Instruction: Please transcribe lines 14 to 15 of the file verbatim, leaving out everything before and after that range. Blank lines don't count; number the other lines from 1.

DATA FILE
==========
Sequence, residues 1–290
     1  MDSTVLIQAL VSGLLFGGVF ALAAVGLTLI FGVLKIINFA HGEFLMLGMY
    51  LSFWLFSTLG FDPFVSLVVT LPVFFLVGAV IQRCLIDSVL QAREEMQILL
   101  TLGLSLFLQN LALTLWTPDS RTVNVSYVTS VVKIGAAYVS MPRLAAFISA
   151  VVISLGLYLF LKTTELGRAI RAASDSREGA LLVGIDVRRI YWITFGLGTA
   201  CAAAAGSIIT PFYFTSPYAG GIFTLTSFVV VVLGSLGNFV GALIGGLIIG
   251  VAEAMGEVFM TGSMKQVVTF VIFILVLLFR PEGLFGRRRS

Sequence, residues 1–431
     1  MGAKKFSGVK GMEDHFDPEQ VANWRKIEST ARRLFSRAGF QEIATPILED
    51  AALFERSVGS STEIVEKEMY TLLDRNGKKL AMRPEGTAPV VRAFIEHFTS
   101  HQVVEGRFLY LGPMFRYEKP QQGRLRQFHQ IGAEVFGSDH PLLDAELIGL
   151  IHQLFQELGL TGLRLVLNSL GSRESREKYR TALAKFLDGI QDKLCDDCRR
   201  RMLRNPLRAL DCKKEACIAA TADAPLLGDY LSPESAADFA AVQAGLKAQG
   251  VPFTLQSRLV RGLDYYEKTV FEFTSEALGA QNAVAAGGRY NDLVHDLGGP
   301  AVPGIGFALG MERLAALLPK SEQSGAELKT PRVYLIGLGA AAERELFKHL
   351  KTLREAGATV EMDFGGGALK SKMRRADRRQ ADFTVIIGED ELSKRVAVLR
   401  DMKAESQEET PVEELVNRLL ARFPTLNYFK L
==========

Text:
   251  VPFTLQSRLV RGLDYYEKTV FEFTSEALGA QNAVAAGGRY NDLVHDLGGP
   301  AVPGIGFALG MERLAALLPK SEQSGAELKT PRVYLIGLGA AAERELFKHL